Pope Benedict XVI is among the wide range of religious leaders sending messages of welcome and blessing to Barack Obama, the 44th president of the United States following his inauguration yesterday.
In his message the pontiff said: "With his leadership may the American people continue to find in its great religious and political heritage the spiritual values and ethical principles necessary to contribute to the construction of a truly just and free society, marked by respect for dignity, equality and the rights of each of its members, especially the poor, the weak and those who have no voice."
Benedict continued: "In a time when so many of his brothers and sisters in the world desire to free themselves from the yoke of poverty and violence I pray such that you maintain the determination to promote understanding, cooperation and peace among nations, such that everyone might participate at the banquet of life that God wishes to host for the entire human family".
The United Church of Christ (UCC), which Obama was a member of for 20 years, sent its own greetings and quoted a sppech he made to their general assembly in 2007.
Other American church leaders will take part in a service of thanksgiving at Washington national Cathedral today. Participants include the Presiding Bishop of the Episcopal (Anglican) Church, the Rt Rev Dr Katherine Jefferts-Schori. Christian Church (Disciples of Christ) General Minister and President, the Rev Sharon E. Watkins will deliver the sermon.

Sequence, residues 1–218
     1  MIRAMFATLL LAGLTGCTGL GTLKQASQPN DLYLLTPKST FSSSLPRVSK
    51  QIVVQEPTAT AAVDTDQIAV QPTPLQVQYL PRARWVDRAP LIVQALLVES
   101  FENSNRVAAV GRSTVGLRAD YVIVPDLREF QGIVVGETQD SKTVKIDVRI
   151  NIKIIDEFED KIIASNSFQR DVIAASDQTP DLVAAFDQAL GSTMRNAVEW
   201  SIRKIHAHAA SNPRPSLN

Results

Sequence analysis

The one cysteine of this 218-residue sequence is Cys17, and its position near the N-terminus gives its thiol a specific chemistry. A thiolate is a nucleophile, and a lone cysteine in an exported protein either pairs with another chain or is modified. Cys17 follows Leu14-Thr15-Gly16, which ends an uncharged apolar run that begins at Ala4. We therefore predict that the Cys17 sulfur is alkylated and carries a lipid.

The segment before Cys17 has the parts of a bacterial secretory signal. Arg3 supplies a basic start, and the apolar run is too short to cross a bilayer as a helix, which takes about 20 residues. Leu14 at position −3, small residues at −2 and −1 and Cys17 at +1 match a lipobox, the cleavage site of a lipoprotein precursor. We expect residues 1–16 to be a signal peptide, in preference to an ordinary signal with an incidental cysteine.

The Dalai Lama has also sent a message of congratulation, as have several prominent Jewish leaders and North American Muslims.
President Obama told the world's Muslims during his inaugural speech that his administration would be looking for a "new way forward, based on mutual interest and mutual respect."
He also pledged broader global engagement. Saying the people of the world should know that America is a friend of all who seek "a future of peace and dignity," Obama vowed that the US is "ready to lead once more" - a strongly implied criticism of the Bush administration.
The new president pledged to "work alongside" the people of economically poor nations to make "farms flourish and let clean waters flow."
A wide array of religious figures also listened to Obama's speech in which he proclaimed that "We are a nation of Christians and Muslims, Jews and Hindus", before stressing "and nonbelievers."
Among the faith leaders present were Rabbi David Saperstein, director of the Religious Action Center of Reform Judaism, Archbishop Demetrios of the Greek Orthodox Archdiocese of America and Ingrid Mattson, president of the Islamic Society of North America.